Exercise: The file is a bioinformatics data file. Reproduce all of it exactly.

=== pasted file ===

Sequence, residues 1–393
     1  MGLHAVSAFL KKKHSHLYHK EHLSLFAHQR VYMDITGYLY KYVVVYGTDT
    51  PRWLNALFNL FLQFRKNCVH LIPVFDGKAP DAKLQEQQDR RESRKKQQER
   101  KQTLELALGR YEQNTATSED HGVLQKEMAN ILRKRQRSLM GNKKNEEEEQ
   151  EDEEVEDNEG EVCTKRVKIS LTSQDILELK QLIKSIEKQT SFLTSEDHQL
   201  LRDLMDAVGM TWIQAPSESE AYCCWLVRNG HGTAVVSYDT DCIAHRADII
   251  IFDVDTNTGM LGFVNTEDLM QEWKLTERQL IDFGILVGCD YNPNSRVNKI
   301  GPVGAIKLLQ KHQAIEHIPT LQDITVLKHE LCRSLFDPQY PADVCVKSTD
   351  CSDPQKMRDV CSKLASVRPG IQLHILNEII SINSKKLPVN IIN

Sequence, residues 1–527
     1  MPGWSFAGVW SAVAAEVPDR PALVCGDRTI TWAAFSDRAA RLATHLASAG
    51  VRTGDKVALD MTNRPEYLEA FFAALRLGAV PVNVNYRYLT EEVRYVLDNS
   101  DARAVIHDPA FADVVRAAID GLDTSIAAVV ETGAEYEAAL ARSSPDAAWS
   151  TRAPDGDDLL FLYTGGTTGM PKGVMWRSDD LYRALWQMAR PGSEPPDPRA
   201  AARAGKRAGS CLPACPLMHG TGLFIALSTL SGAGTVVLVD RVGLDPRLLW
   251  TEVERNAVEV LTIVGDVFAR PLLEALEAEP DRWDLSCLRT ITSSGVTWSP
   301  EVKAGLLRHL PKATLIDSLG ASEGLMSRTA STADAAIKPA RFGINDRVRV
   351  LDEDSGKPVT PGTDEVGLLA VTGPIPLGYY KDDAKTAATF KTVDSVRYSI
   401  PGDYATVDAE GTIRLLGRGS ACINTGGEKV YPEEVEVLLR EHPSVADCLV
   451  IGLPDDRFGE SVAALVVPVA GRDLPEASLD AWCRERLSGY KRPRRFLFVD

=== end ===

Sequence, residues 1–393
     1  MGLHAVSAFL KKKHSHLYHK EHLSLFAHQR VYMDITGYLY KYVVVYGTDT
    51  PRWLNALFNL FLQFRKNCVH LIPVFDGKAP DAKLQEQQDR RESRKKQQER
   101  KQTLELALGR YEQNTATSED HGVLQKEMAN ILRKRQRSLM GNKKNEEEEQ
   151  EDEEVEDNEG EVCTKRVKIS LTSQDILELK QLIKSIEKQT SFLTSEDHQL
   201  LRDLMDAVGM TWIQAPSESE AYCCWLVRNG HGTAVVSYDT DCIAHRADII
   251  IFDVDTNTGM LGFVNTEDLM QEWKLTERQL IDFGILVGCD YNPNSRVNKI
   301  GPVGAIKLLQ KHQAIEHIPT LQDITVLKHE LCRSLFDPQY PADVCVKSTD
   351  CSDPQKMRDV CSKLASVRPG IQLHILNEII SINSKKLPVN IIN

Sequence, residues 1–527
     1  MPGWSFAGVW SAVAAEVPDR PALVCGDRTI TWAAFSDRAA RLATHLASAG
    51  VRTGDKVALD MTNRPEYLEA FFAALRLGAV PVNVNYRYLT EEVRYVLDNS
   101  DARAVIHDPA FADVVRAAID GLDTSIAAVV ETGAEYEAAL ARSSPDAAWS
   151  TRAPDGDDLL FLYTGGTTGM PKGVMWRSDD LYRALWQMAR PGSEPPDPRA
   201  AARAGKRAGS CLPACPLMHG TGLFIALSTL SGAGTVVLVD RVGLDPRLLW
   251  TEVERNAVEV LTIVGDVFAR PLLEALEAEP DRWDLSCLRT ITSSGVTWSP
   301  EVKAGLLRHL PKATLIDSLG ASEGLMSRTA STADAAIKPA RFGINDRVRV
   351  LDEDSGKPVT PGTDEVGLLA VTGPIPLGYY KDDAKTAATF KTVDSVRYSI
   401  PGDYATVDAE GTIRLLGRGS ACINTGGEKV YPEEVEVLLR EHPSVADCLV
   451  IGLPDDRFGE SVAALVVPVA GRDLPEASLD AWCRERLSGY KRPRRFLFVD